Scaffolding Student Group Work
This week’s tip continues on the student group project theme. One danger in assigning student group projects is that some student groups, for a variety of reasons, put off working on the project until it is nearly due. Almost inevitably this results in a poorer quality project, which is more difficult to grade and disappointing for both the instructor and the students. A second issue is helping to reduce the occurrence or the impact of freeloaders, e.g. students who do not contribute their fair share.
Requiring a Work Plan
Two techniques I use to help ensure that students work in timely fashion on their project is to require a project work plan and to devote one or two class periods where student groups can work on their project. When I assign the student group project I require that each group provide a work plan with a timeline and indicating their schedule for completing the project and which members of the group are responsible for which items. For example, if the project is due in four weeks than I generally request their work plan before the halfway point. Students must submit the work plan by the due date. I award small number of points generally less than 10% of the total project points to all members if the work plan is handed in on time and is reasonable. The work paln helps to alert me to groups that may have problems or are heading down a wrong track. About a week before the project is to I generally devote a whole class period where student groups meet in class and work on their project, they must do it in class. This serves two purposes, I do not happen to prep for that class period, but more importantly it allows me meet with each l group for a few minutes to find out where they are, if there are any problems and allows me determine which groups are on track, which groups may need some help, and head off potential problems.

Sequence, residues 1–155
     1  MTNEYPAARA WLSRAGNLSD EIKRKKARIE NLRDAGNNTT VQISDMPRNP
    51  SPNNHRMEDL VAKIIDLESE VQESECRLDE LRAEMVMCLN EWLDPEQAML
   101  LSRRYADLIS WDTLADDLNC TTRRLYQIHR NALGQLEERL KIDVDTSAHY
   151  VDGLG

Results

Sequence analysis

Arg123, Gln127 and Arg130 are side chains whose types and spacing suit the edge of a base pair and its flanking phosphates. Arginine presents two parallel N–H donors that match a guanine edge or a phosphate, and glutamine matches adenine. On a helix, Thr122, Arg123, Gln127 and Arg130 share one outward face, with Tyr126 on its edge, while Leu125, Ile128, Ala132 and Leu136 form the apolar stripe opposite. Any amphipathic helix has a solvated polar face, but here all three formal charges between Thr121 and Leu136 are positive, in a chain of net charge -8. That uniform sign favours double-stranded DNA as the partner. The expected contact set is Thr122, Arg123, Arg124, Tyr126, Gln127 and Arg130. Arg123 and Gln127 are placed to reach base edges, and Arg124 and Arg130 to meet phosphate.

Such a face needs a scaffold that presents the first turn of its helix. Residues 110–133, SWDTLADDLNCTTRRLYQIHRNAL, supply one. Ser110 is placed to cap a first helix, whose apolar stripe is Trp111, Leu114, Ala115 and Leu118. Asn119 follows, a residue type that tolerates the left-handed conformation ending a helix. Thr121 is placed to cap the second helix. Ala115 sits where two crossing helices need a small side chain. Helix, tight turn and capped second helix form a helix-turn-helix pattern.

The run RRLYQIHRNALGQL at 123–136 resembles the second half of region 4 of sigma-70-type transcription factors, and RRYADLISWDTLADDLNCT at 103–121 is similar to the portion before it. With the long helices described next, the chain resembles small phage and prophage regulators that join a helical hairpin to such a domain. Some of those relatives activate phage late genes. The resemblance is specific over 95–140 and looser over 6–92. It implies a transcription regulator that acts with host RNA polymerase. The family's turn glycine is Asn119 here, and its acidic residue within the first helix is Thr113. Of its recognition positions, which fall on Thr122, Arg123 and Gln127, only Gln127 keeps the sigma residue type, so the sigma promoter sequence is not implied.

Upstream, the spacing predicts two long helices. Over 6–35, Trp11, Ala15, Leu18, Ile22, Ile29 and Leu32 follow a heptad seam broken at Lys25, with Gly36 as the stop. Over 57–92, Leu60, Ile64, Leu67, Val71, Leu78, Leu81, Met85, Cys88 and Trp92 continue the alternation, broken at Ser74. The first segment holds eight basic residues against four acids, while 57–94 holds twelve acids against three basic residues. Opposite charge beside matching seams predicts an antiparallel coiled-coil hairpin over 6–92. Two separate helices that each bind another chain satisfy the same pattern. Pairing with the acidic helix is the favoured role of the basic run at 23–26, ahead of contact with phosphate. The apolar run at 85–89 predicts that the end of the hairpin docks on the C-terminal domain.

To help ensure that all group members contribute I allocate 10 to 15% of the group projects for peer evaluation. This is done very simply, each member the class receives an anonymous peer evaluation form (see attached) which they must fill out and turn into me in hard copy. This is done individually and the results are not shared with the others members of the group. I generally collect the peer evaluation forms when the class project is due. On the form each member evaluates all members of the group including themselves and distribute a fixed number of points among the members. Since there is a fixed number of points if one student gets more than some other student must get less. I also provide space for comment, this is optional and students do not need to comment on their assigned scores. My experience is that I consistently see students fairly evaluate their peers and distribute the points in a fair fashion. For groups where one or more students did not contribute it becomes very apparent when all the other members rate this individual low. I often observe that one student within the group will get slightly more points if they took on a leadership role or their contributions were greater. The peer evaluation points help to remind students that they need to contribute. A variation on this that has been used by some of my colleagues, is that the peer evaluation distribution is converted to a percentage and that percentage is used to adjust the final project grade for each student.